What has happened to interest rates lately? Since 2015 the Federal Reserve has raised the fed funds rate six times from a low of 0.06% to 1.75% today. That is a whopping 2,800%+ increase! During this time your two-fund bond portfolio would have remained flat. A $20,000 investment split equally into the two bond funds on Jan. 1, 2015, would now be worth $20,741. During this time we’ve had some modest inflation. For example, in 2015 inflation averaged 0.01% and now sits at 2.2%. In both cases, 1970-1980 and 2015 to now, interest rates have risen, but bonds, in nominal terms, rose or remained fairly constant.

Bonds’ True Worth for Investors: A Valuable Hedge

The real reason you need bonds is not to make a big return or keep pace with inflation, but rather to keep you invested when stocks are failing. Staying in stocks for the long-term is your best bet to combat inflation. However, most investors can’t own just stocks and endure the volatility that comes along with a stock-only portfolio. Buying stocks just to turn around and sell them when things get uncomfortable is almost a guarantee of lower returns. For example, in 2008, when the S&P 500 index dropped by 37%, many people sold out of stocks and didn’t get back in to capture the upside when the market turned around in 2009.

The question to ask yourself is, can you handle a 37% drop in your portfolio? If not, adding bonds to your portfolio is a way to reduce volatility to the point that you can tolerate the volatility of stocks.

A Tale of 3 Portfolios

Let’s see how our two-bond portfolio did if we team it up with a stock fund over the same time from 1970-1980. Let’s test four portfolios; one that is 100% bonds, a second that is a mix of 50% stocks and 50% bonds, a third that is 75% stocks and 25% bonds, and a fourth that is 100% stocks. In three of the portfolios I tested I assumed that we added the Vanguard Windsor Investor Fund to our two-bond portfolio from Aug. 1, 1970, until March 31, 1980 (the same period we tested previously) and rebalanced every six months. This is the same period we looked at earlier that saw massive inflation and interest rate increases.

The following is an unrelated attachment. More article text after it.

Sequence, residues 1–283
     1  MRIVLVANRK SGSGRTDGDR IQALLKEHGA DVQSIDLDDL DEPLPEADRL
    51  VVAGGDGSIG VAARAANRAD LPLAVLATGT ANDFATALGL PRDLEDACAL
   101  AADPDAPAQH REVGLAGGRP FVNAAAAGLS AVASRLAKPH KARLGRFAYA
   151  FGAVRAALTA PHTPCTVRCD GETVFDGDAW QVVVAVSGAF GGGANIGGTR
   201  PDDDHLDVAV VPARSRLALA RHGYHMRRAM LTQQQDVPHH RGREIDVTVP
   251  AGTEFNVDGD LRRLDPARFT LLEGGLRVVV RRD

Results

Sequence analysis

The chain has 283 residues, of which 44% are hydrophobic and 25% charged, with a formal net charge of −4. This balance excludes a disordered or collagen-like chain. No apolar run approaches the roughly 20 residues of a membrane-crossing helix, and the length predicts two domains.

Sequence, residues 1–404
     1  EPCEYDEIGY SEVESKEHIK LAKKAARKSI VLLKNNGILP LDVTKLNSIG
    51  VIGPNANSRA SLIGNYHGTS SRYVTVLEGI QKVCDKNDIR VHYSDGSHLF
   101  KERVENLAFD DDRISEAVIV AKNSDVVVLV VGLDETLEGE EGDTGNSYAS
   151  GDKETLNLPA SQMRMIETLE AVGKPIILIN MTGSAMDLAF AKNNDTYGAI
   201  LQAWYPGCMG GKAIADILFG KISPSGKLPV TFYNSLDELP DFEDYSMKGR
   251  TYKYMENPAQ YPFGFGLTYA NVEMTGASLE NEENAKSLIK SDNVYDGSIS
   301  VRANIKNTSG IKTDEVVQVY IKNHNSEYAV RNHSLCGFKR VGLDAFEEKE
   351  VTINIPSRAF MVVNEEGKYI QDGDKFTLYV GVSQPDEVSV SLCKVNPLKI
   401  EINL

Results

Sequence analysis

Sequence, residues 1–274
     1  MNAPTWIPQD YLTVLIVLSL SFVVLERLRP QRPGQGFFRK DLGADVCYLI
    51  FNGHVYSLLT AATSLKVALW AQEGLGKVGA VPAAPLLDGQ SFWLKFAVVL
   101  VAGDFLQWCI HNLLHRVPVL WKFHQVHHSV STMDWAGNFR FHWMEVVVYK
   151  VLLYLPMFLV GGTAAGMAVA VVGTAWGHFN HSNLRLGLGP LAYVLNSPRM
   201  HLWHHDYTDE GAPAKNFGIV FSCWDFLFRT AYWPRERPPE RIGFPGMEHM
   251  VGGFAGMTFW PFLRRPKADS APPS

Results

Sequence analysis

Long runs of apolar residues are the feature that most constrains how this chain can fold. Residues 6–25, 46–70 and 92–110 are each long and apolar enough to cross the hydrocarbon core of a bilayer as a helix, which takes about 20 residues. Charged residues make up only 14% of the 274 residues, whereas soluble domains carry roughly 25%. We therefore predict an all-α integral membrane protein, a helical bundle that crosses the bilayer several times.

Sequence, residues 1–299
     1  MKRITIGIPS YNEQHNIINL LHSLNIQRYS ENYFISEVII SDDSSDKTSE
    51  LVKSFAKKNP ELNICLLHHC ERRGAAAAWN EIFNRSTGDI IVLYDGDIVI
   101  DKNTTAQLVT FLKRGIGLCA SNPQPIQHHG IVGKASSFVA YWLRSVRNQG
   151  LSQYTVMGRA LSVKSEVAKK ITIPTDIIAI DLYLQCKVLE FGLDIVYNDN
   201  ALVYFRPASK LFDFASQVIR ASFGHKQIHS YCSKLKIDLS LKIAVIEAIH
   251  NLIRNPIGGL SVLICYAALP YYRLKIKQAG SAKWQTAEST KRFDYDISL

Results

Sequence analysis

With each portfolio notice what happened during the worst two years of the decade, 1973 & 1974. You’ll notice in the first example that our two-bond portfolio cushioned the fall of the recession in 1973 and 1974. While stocks fell (15%) and (26%), our two-bond portfolio fell, but by quite a bit less (0.64%) and (2.48%).

Portfolio 1: 100% Bonds

  • Portfolio mix: 50% Franklin U.S. Government Bond A and 50% Putnam Income A
  • Beginning value (Aug. 1, 1970): $20,000
  • Ending value (March 31,1980): $30,094
  • Annualized return: 4.32%
  • Return in 1973: -0.64%
  • Return in 1974: -2.48%

Portfolio 2: 50% Stocks & 50% Bonds